Film unveils women’s strength

Unveiled examines the complex nature of human emotions.
Unveiled examines the complex nature of human emotions.
Credit: 
Photo courtesy of boxoffice.com
Jasmin Tabatabai in Unveiled.
Jasmin Tabatabai in Unveiled.
Credit: 
Photo courtesy of mmmfilm.de

The seventh annual reelout Queer Film and Video Festival concluded this weekend after enjoying great success. At the premiere of Unveiled, by German filmmaker Angelina Maccarone, seats were sold out and many viewers risked back pain by sitting on the floor just to see this engaging film. Unveiled follows the story of forbidden love, exile and the strength of one woman determined to be free.

Fariba Tabrizi (Jasmin Tabatabai) is forced to flee her home country Iran after she is discovered to be a lesbian, leaving behind her lover and family. She seeks asylum in Germany, where she takes on the identity of her deceased male friend, Siamak (Navíd Akhavan). Illegally, she begins working a low-paying job in a factory, where she meets Anne, a lovely German woman who finds herself falling for this quiet and gentle stranger, one who is so different from the other men in her life in a tiny town.

Fariba continues the façade of being a man, but as her feelings for Anne grow, she is faced with a most difficult decision: whether to give away her real identity and give up her chance of staying in safety, or pulling herself away from what could be the love of her life.

Homophobia is continuously present in the small town where Fariba seeks shelter as Siamak, and she risks further alienation than she has already experienced if she reveals herself to be a lesbian. Her inability to find security is a great worry for Fariba and she feels constantly exiled, both externally from her country, and internally from her own female mind and body as she steps into the role of a man.

Jasmin Tabatabai, who plays Fariba, shows incredible range in her acting skills, as she is in the difficult position of playing a woman playing a man, while maintaining her “feminine” qualities—qualities that catch the eye of her lover, Anne. Her performance as a man makes it easy for the audience to forget that who they are viewing is not actually a male character, as her movements and mannerisms seem naturally “masculine.” Tabatabai also transitions easily from male to female roles, as she switches between playing Fariba and her male half, Siamak.

Fariba’s inner strength and stamina last throughout the film. She is forced apart from her lover, threatened with death, and alienated from her home country, never demanding pity but only our admiration as she exhausts herself struggling through each great ordeal.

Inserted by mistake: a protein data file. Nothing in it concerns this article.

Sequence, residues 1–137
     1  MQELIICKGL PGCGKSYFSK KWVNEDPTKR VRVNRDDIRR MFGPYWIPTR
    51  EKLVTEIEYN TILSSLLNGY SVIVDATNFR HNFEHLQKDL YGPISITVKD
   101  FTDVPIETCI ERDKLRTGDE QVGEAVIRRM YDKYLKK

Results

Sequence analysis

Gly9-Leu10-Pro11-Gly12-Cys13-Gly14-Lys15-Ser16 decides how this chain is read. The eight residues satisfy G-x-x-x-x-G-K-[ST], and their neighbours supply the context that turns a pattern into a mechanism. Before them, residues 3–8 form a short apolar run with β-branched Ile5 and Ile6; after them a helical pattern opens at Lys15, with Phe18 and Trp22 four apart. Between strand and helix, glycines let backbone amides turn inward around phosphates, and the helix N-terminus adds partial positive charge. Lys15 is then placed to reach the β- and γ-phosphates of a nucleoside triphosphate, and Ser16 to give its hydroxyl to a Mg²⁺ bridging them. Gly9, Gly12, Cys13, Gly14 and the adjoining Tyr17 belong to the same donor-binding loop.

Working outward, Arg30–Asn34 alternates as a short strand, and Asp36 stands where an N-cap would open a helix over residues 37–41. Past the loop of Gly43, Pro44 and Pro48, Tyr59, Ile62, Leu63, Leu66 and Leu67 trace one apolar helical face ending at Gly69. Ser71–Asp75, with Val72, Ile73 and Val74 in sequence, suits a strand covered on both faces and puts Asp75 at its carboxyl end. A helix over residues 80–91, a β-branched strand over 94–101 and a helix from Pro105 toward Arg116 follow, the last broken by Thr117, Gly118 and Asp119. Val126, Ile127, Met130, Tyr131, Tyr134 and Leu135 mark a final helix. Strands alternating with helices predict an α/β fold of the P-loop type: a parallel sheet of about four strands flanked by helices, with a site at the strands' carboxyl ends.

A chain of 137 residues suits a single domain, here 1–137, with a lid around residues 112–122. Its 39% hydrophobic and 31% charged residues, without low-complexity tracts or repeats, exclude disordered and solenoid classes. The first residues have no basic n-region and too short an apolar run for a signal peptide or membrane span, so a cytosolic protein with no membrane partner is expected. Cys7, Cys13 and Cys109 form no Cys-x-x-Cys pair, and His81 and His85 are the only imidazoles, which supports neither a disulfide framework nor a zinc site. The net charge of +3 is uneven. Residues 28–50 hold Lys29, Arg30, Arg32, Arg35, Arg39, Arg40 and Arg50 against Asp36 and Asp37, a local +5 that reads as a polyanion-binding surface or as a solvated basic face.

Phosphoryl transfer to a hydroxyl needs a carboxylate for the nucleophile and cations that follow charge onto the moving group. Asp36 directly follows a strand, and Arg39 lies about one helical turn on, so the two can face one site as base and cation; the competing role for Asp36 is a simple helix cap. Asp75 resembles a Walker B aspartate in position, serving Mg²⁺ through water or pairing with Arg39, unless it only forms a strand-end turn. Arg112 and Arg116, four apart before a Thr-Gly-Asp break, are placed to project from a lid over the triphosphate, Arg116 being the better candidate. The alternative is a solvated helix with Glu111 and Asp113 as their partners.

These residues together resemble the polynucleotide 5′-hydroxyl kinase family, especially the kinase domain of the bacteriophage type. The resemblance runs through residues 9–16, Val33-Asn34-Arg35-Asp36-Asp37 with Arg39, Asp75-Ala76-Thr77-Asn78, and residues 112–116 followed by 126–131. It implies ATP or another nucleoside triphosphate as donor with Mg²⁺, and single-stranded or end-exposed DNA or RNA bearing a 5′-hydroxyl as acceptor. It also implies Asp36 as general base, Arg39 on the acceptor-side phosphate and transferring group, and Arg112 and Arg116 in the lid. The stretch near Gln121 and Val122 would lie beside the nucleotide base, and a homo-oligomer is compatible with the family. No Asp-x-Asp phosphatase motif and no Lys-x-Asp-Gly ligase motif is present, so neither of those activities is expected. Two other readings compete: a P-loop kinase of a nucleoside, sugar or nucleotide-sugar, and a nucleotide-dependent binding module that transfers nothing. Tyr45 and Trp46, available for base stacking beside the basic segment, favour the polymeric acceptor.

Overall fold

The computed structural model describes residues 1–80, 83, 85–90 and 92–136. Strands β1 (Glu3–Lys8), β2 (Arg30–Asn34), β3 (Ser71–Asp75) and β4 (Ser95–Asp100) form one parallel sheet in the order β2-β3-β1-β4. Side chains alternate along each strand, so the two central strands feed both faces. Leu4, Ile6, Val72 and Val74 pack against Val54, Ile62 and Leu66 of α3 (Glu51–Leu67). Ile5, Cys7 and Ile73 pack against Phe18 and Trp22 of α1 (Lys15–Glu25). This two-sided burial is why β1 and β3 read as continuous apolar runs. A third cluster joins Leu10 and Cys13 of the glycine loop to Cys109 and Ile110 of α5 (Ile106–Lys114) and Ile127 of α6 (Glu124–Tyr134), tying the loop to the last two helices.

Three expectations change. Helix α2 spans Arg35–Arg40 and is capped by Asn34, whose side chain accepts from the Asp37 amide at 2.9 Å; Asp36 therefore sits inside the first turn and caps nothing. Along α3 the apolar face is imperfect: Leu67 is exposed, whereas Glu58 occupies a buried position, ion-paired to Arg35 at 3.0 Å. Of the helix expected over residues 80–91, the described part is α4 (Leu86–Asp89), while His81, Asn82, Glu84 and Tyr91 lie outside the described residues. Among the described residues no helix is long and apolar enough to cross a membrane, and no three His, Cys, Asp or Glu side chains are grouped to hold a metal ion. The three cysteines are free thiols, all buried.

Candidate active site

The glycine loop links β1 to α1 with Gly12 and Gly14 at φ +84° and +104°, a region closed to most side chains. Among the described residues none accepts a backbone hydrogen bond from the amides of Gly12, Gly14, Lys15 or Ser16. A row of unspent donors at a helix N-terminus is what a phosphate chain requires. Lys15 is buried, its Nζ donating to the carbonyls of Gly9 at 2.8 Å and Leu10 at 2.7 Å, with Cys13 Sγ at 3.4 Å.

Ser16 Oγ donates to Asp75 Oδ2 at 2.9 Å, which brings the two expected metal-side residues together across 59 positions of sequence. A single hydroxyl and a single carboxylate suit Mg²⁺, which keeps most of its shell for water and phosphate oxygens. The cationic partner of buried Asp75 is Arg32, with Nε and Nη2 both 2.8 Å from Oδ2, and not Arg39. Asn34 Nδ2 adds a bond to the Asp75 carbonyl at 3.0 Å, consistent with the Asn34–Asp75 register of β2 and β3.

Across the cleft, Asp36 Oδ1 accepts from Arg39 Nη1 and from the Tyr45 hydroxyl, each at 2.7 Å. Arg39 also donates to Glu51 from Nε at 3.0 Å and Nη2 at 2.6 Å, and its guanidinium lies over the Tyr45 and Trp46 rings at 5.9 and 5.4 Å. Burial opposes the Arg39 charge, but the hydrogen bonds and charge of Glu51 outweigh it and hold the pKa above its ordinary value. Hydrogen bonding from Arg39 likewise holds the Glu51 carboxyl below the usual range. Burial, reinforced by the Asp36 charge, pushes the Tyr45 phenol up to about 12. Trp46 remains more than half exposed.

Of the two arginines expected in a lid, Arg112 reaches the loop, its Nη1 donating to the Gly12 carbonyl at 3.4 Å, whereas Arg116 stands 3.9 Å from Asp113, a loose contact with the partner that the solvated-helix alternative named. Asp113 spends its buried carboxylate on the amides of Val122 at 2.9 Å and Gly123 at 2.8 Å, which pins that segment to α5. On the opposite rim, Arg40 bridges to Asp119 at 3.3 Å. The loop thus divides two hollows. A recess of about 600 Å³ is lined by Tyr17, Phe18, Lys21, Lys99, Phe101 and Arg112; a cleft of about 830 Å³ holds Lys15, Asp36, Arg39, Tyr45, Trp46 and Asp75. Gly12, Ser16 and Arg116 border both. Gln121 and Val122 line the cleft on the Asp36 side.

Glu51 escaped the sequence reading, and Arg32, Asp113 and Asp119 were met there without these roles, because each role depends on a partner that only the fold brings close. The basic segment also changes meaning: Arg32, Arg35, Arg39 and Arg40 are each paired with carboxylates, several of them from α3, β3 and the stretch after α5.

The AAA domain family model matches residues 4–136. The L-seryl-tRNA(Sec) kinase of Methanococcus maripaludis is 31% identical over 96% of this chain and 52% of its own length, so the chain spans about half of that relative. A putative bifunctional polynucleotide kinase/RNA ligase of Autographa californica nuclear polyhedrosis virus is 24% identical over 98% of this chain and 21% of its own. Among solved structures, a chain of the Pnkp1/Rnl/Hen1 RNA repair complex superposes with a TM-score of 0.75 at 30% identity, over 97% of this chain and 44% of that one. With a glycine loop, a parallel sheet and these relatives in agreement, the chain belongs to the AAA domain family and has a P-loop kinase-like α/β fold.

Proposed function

During her devastating experiences, Fariba conveys a consistent sense of hope, particularly in her uncompromising belief in life and love.

A superb supporting cast enhances this film, and the audience finds itself falling in love with Anne (Anneke Kim Sarnau), a kind, spunky young woman stuck in a town that is suffocating her, but one that she cannot leave.

Anne’s ex-lover and co-worker at the factory, Uwe (Hinnerk Schönemann), performs well as a racist and homophobe who cannot stand the sight of Anne falling in love with who he thinks is a Muslim man. His discovery of their love has particularly heartbreaking repercussions.

Director Angelina Maccarone, who also co-wrote the story of Unveiled, has previously directed films Kommt Mausi raus?! (1995) and Everything Will Be Fine (Alles wird gut) (1997). In Unveiled, she creatively brings together the forbidden love element of the story with a talented cast, and particularly beautiful and symbolic scenery. At Fariba’s stay at the airport in Germany, which is considered No Man’s Land, she waits to discover if she will be sent back to Iran. Maccarone continuously cuts from the woman to the desolate airport where planes are taking off, creating a brutal reminder for the character of her exile and lack of belonging, both in her home country and in Germany, where she seeks asylum. Although the love story is a prominent part of this film, Maccarone does not exploit it in such a way that it becomes pathetic or hopeless. The strength and integrity of the characters in love resonate throughout the entire film and do not diminish, even in the final scene where everything seems to fall apart for Anne and Fariba.

There is an unusual and interesting change in camera in this film, between an intimate, documentary style, and steady filming. The documentary style, where the camera appears to be another character moving and interacting with the others, is slightly unsteady. This technique emphasizes the instability and tension of these scenes, making them more memorable and emotionally involving.

The steady cam shows changing perspectives, as Fariba switches between being the focus of the camera lens and the camera, forming images of what she is viewing. In her most isolated states, where she is alone and exiled from everything familiar to her, the camera becomes a voyeur staring into her lonely life. In the moments of her focus on Anne, the camera becomes Fariba’s third eye, so that what is on the screen is what she is seeing and how she is seeing it, giving us an inside glimpse of her emotions at the time.

Unveiled is a moving but emotionally draining piece of cinematic art that enters the world of a woman ostracized by her forbidden love of another woman, who in turn is struggling to regain her faith that she will experience love again. It was a definite highlight of this year’s reelout festival.

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